Alabama Loves The Tide // So Does Harambe

Any given game day at the University of Alabama, walking across the quad one can see fans with buttons on their outfits showing their support for the tide. These buttons range from Nick Saban’s various facial emotions, “Nick’s chick”, and Beat (opposing team). Student organizations create buttons for their members to show that their club/organization loves the tide.

This season, students have added “Harambe loves the tide” buttons as their latest accessory.

Harambe, a 400-pound gorilla, was killed May 28th, 2016 at the Cincinnati zoo after a 3-year-old child fell into his habitat. After his demise a lot of controversy around animal cruelty and how the zoo handled the situation was in the media. Internet goers took it upon themselves to make Harambe the pop culture’s latest figure.

In 1996 a toddler fell into a gorilla enclosure at Brookfield Zoo. The situation did not have a deadly result like the one involving Harambe. Professionals in this situation were able to rescue the boy without shooting their gorilla in the process. The comparison of the two incidents enraged more people, believing an alternative action could have been taken to save Harambe’s life. Believing the zoo was at fault.

Animal rights groups and concerned citizens were posting their opinions on all forms of social media, making the issue go viral. Social media hashtags such as #JusticeForHarambe and #DoItForHarambe began trending on Twitter. Harambe seems to be everywhere, even on social media captions, “do it for Harambe.”

Memes were created making Harambe seem like a hero or to honor his passing. “Harambe the Gorilla” is still trending four months later on These memes after going viral have been turned into t-shirts and other novelty items to turn a profit.

The zoo has been taking heat on social media due to their decision to shoot a gorilla that is on the brink of extinction.

According to the Associated Press Rports, Cincinnati’s Zoo Director Thane Maynard stated, “We are not amused by the memes, petitions and signs about Harambe.” This hasn’t stopped people from making them, Harambe and his “legacy” are still as popular as ever, and especially at the University of Alabama.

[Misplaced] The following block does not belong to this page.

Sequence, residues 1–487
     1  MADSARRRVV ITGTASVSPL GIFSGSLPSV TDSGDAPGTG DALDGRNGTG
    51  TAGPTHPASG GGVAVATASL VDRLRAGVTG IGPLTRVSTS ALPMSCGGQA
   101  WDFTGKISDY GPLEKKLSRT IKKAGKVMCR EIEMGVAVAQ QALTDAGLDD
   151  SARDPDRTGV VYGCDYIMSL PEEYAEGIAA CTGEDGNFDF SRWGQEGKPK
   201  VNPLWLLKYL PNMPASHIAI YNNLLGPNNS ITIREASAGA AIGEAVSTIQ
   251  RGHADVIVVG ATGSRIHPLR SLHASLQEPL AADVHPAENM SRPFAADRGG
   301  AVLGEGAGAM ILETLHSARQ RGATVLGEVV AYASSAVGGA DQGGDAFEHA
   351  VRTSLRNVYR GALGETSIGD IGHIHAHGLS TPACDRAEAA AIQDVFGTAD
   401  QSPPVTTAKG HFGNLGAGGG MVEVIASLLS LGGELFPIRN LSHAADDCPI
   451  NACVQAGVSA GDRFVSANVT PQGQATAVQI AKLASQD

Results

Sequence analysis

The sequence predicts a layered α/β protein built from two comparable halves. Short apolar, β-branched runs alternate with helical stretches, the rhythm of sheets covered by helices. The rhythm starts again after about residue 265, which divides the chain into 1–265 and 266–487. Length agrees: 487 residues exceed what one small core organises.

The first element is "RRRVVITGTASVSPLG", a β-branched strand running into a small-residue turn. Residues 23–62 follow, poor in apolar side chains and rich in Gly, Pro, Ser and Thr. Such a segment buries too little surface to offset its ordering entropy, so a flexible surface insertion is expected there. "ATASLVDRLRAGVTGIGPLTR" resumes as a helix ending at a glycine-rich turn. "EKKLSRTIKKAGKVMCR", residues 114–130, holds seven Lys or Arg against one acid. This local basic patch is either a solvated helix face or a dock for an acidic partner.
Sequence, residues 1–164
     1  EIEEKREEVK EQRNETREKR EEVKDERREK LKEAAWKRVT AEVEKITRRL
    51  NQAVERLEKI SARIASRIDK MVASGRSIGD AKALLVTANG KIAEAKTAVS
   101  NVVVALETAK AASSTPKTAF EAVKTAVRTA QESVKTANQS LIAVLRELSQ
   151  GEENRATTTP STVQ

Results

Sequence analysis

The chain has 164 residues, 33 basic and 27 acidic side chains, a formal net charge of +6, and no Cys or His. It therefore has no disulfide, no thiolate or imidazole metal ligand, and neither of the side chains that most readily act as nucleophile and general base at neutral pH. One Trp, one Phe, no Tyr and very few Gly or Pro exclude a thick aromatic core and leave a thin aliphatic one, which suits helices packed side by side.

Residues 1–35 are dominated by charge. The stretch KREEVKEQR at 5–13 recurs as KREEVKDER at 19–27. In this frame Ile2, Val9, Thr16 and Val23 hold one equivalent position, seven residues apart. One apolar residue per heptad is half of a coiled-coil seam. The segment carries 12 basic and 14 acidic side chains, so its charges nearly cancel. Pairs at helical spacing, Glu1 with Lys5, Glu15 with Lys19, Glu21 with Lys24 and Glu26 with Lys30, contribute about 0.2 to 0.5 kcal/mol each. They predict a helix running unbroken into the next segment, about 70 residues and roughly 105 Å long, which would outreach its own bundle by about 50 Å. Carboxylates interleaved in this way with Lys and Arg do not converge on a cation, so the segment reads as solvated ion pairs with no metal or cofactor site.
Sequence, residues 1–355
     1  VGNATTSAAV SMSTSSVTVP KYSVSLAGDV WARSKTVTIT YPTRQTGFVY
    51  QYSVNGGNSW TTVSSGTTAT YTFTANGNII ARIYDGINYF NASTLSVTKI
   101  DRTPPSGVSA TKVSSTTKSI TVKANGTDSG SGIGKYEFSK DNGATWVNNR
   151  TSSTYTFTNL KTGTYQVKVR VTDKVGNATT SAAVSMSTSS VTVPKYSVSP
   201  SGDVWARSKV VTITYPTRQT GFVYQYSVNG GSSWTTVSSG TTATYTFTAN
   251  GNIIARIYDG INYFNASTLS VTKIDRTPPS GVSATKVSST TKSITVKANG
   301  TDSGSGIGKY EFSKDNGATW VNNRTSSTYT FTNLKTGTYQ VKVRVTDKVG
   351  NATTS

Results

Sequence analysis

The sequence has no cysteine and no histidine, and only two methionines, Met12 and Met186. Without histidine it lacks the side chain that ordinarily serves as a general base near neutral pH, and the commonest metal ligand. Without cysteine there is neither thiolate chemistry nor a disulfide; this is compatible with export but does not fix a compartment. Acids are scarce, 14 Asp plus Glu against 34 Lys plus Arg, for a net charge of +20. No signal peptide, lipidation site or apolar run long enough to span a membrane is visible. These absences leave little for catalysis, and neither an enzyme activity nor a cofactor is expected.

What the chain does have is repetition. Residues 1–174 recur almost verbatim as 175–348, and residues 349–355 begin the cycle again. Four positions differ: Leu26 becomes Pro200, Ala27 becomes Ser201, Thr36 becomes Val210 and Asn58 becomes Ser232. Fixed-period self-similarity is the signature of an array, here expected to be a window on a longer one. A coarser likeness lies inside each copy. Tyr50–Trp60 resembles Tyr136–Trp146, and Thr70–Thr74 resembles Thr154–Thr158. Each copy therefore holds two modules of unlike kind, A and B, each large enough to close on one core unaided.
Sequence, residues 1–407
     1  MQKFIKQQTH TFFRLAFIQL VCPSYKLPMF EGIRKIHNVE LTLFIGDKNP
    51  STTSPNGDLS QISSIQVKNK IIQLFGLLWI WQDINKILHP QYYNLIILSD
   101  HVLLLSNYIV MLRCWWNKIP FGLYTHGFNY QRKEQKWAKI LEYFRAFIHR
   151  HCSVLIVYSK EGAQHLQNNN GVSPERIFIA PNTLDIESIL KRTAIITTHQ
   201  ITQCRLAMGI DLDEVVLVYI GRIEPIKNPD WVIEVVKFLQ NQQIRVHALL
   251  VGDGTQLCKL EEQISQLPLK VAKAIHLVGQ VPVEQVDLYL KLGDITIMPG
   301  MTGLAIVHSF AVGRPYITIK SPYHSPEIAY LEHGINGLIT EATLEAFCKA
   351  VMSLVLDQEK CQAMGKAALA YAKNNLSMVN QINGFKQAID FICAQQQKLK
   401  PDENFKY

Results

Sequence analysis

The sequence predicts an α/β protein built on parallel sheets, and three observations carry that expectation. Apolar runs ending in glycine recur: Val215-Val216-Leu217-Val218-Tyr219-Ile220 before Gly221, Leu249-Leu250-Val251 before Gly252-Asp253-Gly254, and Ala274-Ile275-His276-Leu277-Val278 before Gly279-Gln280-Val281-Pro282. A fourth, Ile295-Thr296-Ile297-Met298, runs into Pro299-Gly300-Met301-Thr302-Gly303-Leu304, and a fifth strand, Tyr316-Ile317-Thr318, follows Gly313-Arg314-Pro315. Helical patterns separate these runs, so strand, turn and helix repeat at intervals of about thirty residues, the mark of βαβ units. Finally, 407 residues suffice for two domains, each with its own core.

Hannah Sonstegard, a sophomore-nursing student at the University of Alabama decided to take her own unique spin on the pop culture phenomenon, Harambe loves the tide gameday buttons. A lot of people supported her along the way, encouraging her to start the process about a month ago.

“Well it started as a joke, and I was just looking for a caption for an insta[gram] post. And then Harambe started trending. I ordered 25 of them and sold them to my friends.” After that things just took off for Hannah. Orders started coming in by the hundreds. To date she has sold around 500 buttons.

Hannah designed Harambe loves the tide pins and uploaded her finished design to a website to make them. What started out as a joke turned into a small side job.

“People always ask me why I’m not a graphic design or art major because all I do is paint and make weird things,” the 19-year-old California native stated. Hannah is the sign chair for her organization Kappa Alpha Theta. She paints signs to hang on the exterior of the house, highlighting members’ birthdays and academic or professional accomplishments.

Morgan Ryley, a junior at the University of Alabama had an interesting encounter involving her Harambe loves the tide button. On the quad she was approached by a fellow student who was interesting in purchasing the button. After the encounter, she walked away $15 richer, just missing a button.

Hannah isn’t the only one who has taken this opportunity to turn a small profit. A different take on Harambe loving the tide has taken off on campus. Another student at the University of Alabama has created another Harambe sticker. Saying, “Harambe loved the tide,” showing a gorilla with wings and a halo.

Kristyn Conrad, junior student at the Unversity of Alabama was also approached while wearing her button in Dallas at the Alabama/USC game. “A few student from USC saw my pin before we went into the game, and said that was such a cool idea! Never forget Harambe!” Some individuals told her they are going to make some for their school when they got back to California.

When Harambe loves (sports team) buttons start becoming popular at other schools across the country, know that here at UA we started the trend.

While no one can predict what the future may hold for Harambe’s legacy, we do know that pop culture plays a big part in society’s lives. Things that trend online become popular items in our lives whether they are game day pins, or t-shirts.

Roll Tide and long live Harambe’s legacy.

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